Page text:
But there’s a difference between LiveU and Fox’s subjective wishes about what journalists or others would find, and what the services and websites they maintained and used permitted people to find. The relevant question should be the latter. Generally, it is both a First Amendment and a due process problem to allow a private party’s desire to control information to form the basis of criminal prosecutions.

The CFAA charges against Burke take advantage of the vagueness of the statutory term “without authorization.” The law doesn’t define the term, and its murkiness has enabled plenty of ill-advised prosecutions over the years. In Burke’s case, because the list of unencrypted URLs was password protected and the company didn’t want outsiders to access the URLs, the government claims that Burke acted “without authorization.”

Using a published demo password to get a list of URLs, which anyone could have used a software program to guess and access, isn’t that big of a deal. What was a big deal is that Burke’s research embarrassed Fox News. But that’s what journalists are supposed to do—uncover questionable practices of powerful entities.

Journalists need never ask corporations for permission to investigate or embarrass them, and the law shouldn’t encourage or force them to. Just because someone doesn’t like what a reporter does online doesn’t mean that it’s without authorization and that what he did is therefore a crime.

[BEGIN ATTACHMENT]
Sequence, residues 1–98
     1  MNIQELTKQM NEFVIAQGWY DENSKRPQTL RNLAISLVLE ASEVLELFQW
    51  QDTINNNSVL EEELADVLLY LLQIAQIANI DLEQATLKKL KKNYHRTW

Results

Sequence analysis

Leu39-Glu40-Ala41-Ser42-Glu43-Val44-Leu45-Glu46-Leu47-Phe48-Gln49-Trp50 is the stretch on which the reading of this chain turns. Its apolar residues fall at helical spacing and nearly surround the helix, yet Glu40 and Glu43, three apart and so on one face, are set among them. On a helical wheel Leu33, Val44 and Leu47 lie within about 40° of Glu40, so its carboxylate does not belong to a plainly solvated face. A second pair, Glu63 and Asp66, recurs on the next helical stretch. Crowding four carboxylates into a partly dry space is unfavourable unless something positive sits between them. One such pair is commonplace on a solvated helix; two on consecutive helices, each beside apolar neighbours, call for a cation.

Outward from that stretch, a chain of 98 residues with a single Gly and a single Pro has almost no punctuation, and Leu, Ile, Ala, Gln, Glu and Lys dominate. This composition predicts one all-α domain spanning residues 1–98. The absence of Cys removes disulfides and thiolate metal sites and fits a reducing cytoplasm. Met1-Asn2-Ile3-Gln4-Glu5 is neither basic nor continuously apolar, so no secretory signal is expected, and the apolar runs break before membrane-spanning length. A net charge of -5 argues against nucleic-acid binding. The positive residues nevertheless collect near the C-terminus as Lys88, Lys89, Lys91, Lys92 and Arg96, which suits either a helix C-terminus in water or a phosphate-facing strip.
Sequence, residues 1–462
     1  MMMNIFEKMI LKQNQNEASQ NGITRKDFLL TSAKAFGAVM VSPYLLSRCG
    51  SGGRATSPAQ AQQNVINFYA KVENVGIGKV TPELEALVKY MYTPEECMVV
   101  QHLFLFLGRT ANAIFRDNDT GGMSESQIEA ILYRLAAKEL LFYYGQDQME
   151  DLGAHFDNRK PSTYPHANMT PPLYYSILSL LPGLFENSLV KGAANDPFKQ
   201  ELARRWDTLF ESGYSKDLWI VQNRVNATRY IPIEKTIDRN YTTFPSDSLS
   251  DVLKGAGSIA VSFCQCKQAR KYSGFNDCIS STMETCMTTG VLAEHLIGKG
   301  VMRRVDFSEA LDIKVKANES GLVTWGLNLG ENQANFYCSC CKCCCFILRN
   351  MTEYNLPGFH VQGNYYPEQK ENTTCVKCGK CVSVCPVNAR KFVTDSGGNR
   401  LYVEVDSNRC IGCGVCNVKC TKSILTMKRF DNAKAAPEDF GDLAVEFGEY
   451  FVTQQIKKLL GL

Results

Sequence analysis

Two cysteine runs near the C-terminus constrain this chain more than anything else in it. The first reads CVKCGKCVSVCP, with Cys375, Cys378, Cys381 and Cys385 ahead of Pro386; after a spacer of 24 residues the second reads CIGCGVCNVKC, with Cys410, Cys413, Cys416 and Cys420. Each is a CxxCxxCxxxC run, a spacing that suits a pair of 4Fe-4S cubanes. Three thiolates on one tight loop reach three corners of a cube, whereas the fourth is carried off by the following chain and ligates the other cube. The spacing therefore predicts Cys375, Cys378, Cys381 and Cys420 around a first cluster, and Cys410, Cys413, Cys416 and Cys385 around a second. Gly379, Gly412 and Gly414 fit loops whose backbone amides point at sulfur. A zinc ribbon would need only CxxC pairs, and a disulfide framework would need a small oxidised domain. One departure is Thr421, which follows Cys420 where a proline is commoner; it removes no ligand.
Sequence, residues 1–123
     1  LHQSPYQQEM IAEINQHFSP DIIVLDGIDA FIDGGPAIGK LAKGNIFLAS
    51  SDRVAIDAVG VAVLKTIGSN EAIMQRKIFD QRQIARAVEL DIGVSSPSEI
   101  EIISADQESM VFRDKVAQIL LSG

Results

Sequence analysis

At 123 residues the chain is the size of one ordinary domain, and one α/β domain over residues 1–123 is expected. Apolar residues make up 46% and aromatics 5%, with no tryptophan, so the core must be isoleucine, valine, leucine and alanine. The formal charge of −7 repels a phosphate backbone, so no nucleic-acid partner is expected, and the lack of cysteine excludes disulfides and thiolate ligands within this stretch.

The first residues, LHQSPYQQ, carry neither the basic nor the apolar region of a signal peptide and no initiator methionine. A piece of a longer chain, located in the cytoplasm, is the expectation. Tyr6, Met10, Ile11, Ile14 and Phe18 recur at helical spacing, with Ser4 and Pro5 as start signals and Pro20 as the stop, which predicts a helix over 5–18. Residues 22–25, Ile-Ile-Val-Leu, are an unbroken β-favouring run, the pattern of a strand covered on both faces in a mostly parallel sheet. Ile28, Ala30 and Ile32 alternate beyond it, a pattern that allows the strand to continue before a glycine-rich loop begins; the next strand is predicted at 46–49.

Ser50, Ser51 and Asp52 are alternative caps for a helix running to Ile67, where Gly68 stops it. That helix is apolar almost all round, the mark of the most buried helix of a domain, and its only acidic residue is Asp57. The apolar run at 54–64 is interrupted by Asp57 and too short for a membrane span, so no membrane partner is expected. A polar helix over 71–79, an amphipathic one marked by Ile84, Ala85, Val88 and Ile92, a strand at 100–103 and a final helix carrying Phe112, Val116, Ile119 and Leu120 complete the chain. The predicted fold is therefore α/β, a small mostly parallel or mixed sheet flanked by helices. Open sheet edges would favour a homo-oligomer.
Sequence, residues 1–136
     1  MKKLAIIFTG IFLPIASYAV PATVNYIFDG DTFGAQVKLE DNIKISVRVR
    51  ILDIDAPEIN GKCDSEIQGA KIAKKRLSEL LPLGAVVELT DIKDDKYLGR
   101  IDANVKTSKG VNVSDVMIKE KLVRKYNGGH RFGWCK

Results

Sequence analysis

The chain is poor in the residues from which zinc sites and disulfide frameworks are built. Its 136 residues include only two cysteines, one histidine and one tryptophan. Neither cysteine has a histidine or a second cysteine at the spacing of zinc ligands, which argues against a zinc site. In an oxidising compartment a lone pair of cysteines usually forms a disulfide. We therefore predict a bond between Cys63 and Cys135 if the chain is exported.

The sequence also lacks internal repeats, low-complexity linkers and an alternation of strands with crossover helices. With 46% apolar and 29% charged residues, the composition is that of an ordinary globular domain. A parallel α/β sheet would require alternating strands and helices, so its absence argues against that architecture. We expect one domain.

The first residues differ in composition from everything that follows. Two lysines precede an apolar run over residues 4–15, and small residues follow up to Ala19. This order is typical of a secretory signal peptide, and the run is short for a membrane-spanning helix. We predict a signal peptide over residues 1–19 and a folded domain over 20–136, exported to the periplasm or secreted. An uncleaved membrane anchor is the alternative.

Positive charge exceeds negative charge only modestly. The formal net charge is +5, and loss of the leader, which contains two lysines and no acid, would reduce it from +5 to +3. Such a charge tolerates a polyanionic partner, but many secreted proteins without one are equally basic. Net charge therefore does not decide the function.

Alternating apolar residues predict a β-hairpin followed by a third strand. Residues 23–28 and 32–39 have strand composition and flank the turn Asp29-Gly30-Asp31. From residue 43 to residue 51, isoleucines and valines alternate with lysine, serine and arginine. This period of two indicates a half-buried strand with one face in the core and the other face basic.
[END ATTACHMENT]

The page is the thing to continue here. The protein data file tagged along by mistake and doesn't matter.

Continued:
Still, this isn’t the first time that prosecutors have abused computer hacking laws to go after journalists and others, like security researchers. Until a 2021 Supreme Court ruling, researchers and journalists worried that their good faith investigations of algorithmic discrimination could expose them to CFAA liability for exceeding sites’ terms of service.

Even now, the CFAA and similarly vague state computer crime laws continue to threaten press freedom. Just last year, in August, police raided the newsroom of the Marion County Record and accused its journalists of breaking state computer hacking laws by using a government website to confirm a tip from a source. Police dropped the case after a national outcry.

The White House seemed concerned about the Marion ordeal. But now the same administration is using an overly broad interpretation of a hacking law to target a journalist. Merely filing charges against Burke sends a chilling message that the government will attempt to penalize journalists for engaging in investigative reporting it dislikes.

Even worse, if the Burke prosecution succeeds, it will encourage the powerful to use the CFAA as a veto over news reporting based on online sources just because it is embarrassing or exposes their wrongdoing. These charges were also an excuse for the government to seize Burke’s computer equipment and digital work—and demand to keep it permanently. This seizure interferes with Burke’s ongoing reporting, a tactic that it could repeat in other investigations.

If journalists must seek permission to publish information they find online from the very people they’re exposing, as the government’s indictment of Burke suggests, it’s a good bet that most information from the obscure but public corners of the Internet will never see the light of day. That would endanger both journalism and public access to important truths. The court reviewing Burke’s case should dismiss the charges.